Vasoplegia often complicates on-pump cardiac surgery. Systemic inflammatory response induced by extracorporeal circulation represents the major determinant, but adrenal insufficiency and postoperative vasopressin deficiency may have a role. Pathophysiological meaning of perioperative changes in endocrine markers of hydro-electrolyte balance has not still fully elucidated. Objectives of the present research study were to estimate the incidence of vasoplegia in a homogeneous cohort of not severe cardiopathic patients, to define the role of presurgical adrenal insufficiency, to evaluate copeptin and NT-proBNP trends in the perioperative.
We conducted a prospective cohort study in the cardiac intensive care unit of a tertiary referral center. We evaluated 350 consecutive patients scheduled for cardiac surgery; 55 subjects completed the study. Both standard and low-dose corticotropin stimulation tests were performed in the preoperative; copeptin and NT-proBNP were evaluated in the preoperative (T0), on day 1 (T1) and day 7 (T2) after surgery.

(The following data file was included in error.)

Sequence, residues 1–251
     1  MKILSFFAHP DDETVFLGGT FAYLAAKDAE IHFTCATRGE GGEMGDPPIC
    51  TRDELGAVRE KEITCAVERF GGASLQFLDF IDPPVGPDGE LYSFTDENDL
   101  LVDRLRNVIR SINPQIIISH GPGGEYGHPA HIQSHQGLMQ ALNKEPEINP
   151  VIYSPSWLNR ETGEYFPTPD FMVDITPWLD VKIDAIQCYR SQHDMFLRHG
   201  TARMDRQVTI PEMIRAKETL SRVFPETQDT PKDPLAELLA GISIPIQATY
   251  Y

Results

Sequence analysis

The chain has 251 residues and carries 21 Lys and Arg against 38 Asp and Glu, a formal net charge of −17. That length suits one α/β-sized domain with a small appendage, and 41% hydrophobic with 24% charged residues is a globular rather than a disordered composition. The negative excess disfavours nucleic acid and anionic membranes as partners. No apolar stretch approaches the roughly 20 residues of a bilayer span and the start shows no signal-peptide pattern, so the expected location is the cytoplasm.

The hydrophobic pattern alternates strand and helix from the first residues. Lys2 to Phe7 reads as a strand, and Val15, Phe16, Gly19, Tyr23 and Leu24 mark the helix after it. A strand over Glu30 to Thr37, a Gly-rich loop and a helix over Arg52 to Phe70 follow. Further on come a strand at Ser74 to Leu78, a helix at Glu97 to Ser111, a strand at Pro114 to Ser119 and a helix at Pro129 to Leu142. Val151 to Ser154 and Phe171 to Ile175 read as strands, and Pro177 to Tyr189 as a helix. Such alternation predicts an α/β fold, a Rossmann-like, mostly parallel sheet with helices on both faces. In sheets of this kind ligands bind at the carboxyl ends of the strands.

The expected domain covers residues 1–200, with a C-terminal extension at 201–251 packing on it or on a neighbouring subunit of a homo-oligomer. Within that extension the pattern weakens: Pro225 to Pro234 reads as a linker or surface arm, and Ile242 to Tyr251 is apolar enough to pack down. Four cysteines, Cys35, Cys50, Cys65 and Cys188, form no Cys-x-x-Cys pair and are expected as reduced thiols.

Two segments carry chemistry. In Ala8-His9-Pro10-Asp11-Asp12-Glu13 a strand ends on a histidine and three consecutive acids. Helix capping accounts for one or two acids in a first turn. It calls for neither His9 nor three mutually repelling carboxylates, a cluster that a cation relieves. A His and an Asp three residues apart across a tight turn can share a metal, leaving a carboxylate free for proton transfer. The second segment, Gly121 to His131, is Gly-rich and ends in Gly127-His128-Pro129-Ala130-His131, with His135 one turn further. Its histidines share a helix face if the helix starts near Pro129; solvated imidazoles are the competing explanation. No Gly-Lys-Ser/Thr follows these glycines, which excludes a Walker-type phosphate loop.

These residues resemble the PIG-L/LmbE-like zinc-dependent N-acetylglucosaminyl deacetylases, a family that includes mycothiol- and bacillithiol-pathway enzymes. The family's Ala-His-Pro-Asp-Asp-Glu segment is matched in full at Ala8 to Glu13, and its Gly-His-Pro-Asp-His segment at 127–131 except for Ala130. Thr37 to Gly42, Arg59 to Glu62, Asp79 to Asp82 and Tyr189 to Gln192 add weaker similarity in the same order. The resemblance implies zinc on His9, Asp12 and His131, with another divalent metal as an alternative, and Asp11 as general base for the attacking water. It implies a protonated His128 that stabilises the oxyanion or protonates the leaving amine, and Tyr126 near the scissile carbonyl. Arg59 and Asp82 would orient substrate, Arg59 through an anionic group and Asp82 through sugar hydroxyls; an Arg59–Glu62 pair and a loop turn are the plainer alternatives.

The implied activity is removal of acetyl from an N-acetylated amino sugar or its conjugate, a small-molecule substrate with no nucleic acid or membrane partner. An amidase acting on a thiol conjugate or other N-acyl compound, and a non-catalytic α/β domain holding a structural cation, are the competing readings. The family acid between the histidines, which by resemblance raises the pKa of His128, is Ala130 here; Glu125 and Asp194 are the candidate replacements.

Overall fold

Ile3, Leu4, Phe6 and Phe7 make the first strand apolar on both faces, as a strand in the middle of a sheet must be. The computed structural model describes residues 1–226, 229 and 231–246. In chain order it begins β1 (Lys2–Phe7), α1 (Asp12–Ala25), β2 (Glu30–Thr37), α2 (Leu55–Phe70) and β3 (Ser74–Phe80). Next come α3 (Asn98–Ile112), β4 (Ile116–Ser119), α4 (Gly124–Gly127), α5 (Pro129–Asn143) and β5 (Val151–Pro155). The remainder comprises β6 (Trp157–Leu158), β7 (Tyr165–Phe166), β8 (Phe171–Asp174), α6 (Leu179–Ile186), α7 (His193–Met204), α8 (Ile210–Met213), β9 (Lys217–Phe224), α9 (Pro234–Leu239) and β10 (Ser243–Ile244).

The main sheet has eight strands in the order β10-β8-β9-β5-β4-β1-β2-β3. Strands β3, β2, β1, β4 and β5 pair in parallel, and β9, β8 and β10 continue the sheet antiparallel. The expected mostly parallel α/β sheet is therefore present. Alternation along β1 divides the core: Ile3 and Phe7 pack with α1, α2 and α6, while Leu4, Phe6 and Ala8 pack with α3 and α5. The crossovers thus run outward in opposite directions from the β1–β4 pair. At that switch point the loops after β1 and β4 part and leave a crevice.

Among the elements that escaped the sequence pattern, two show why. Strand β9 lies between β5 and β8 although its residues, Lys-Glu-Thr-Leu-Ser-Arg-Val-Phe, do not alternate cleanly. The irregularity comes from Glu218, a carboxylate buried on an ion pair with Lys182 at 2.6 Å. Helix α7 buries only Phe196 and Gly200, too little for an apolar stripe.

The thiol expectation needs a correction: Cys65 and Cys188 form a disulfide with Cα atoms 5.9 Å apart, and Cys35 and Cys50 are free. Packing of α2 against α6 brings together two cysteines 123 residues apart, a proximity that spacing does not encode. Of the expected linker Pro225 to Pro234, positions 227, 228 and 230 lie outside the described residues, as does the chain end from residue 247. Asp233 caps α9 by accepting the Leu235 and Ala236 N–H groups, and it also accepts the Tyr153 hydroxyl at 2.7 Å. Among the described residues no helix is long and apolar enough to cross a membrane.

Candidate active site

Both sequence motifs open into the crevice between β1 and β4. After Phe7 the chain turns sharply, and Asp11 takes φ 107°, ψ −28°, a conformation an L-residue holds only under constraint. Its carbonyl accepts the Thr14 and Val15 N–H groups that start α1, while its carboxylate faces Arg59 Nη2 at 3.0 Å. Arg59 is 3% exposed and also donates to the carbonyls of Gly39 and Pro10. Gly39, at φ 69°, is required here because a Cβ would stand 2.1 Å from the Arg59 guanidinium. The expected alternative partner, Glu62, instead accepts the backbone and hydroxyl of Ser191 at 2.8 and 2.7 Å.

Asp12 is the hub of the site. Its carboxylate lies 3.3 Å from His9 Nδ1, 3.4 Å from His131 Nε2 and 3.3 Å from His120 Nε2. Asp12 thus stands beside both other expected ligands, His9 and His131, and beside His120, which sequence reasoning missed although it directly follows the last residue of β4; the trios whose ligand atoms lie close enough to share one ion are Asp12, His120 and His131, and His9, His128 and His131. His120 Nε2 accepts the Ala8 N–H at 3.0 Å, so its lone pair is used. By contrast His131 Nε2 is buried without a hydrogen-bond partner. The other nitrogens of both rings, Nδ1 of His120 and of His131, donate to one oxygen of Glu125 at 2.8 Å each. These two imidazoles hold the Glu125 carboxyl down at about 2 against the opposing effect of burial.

Nine subjects (16.3%) developed vasoplegic syndrome with longer bypass and clamping time (p < 0.001). Reduced response to low-dose ACTH test was not associated to vasoplegia. Preoperative copeptin > 16.9 pmol/L accurately predicted the syndrome (AUC 0.86, 95% CI 0.73–0.94; OR 1.17, 95% CI 1.04–1.32). An evident correlation was observed at 7 days postoperative between NT-proBNP and copeptin (r 0.88, 95% CI 0.8–0.93; p < 0.001).
Preoperative impaired response to low-dose ACTH stimulation test is not a risk factor for post-cardiotomic vasoplegia; conversely, higher preoperative copeptin predicts the complication. On-pump cardiac surgery could be an interesting model of rapid heart failure progression.
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